A similar rule, requiring 12 yards instead of 15, was in place in the short lived but never forgotten Alliance of American Football. This is the natural progression of the rule and it would do the NFL well to implement a variation of it. The league is already moving closer and closer to neutralizing the kickoff in general, so it would make sense to replace a worthless play with one that would bring plenty of excitement and countless new possibilities. The NFL is a reactionary entity, but it would benefit all parties if it would at least consider giving teams a better chance to keep the ball in desperate situations. Another example of the AAF being ahead of its time (rest in peace, Sky Judge).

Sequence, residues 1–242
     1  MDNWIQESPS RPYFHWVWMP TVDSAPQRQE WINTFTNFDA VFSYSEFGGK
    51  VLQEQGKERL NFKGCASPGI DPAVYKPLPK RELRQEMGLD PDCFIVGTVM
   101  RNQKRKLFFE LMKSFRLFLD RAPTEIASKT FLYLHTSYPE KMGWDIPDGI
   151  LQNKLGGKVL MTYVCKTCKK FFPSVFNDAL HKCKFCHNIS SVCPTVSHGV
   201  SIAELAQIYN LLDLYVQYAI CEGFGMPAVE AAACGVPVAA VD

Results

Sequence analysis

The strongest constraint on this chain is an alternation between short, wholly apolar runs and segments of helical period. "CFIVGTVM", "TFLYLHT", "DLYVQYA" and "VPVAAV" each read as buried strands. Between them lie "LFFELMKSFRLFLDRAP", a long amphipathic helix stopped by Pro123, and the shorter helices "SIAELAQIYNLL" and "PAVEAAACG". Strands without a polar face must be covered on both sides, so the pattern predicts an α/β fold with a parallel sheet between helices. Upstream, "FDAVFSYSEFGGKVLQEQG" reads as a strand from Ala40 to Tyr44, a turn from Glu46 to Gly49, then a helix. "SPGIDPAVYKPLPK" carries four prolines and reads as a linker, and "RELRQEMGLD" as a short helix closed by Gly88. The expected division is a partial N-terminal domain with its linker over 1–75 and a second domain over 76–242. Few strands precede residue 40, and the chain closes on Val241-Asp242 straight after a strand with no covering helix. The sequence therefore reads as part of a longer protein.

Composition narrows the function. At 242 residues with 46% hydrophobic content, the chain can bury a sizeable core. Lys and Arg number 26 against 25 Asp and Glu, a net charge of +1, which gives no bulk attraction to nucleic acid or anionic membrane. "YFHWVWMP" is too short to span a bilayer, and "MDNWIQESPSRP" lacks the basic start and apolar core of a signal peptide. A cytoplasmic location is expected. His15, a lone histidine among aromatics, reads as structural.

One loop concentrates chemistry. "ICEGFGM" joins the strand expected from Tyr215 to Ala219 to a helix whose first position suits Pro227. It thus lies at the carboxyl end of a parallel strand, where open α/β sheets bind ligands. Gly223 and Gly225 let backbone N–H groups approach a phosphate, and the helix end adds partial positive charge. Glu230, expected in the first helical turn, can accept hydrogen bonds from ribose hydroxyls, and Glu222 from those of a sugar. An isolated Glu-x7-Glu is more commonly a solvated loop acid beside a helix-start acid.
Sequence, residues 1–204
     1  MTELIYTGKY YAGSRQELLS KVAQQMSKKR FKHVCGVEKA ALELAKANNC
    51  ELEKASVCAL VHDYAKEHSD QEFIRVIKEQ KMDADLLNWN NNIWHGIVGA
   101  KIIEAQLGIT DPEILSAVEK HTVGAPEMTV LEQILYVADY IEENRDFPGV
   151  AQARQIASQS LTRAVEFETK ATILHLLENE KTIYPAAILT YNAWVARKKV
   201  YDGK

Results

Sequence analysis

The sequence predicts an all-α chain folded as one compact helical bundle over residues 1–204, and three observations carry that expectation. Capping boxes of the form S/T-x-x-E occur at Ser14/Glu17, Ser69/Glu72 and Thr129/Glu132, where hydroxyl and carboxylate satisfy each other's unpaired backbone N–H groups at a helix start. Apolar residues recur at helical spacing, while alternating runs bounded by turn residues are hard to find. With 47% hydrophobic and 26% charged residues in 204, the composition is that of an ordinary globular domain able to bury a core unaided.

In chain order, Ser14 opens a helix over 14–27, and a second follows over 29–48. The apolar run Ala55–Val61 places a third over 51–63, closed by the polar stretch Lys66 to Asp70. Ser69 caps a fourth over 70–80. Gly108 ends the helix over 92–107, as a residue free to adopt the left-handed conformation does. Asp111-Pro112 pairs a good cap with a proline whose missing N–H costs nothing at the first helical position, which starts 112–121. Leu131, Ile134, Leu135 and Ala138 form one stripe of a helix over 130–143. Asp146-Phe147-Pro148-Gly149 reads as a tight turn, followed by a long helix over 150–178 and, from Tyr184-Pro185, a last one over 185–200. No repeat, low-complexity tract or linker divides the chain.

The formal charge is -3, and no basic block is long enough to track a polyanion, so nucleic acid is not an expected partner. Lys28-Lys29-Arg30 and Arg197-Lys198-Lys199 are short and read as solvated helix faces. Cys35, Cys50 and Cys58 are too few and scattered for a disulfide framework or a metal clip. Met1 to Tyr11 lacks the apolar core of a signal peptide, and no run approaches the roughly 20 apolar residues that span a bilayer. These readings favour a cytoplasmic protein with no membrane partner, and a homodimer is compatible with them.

*It’s frustrating to watch, but you can make the argument that the NFL and its referees have actually done a good job with the pass interference reviews. It sounds ridiculous because every week there are challenges and, while some are definitely questionable, no rulings ever change. That’s probably a good thing. If the new review rule was implemented to get rid of “clear and obvious” mistakes in rulings, such as the infamous blown call in last year’s NFC Championship Game, not changing things constantly is the proper way to handle it. That’s a frustrating concept to wrestle with. Sunday night’s Colts-Chiefs game featured one of these plays, with Indianapolis flagged for offensive pass interference and having the call stand on review despite being a ticky-tack call at best. It’s fair to ask if the rule should have been implemented in the first place, which plenty of people would answer with a resounding “No.” But if the Rams-Saints debacle is the bar, this rule will rarely turn into an actual overturn. To the letter of the law, that’s the correct approach.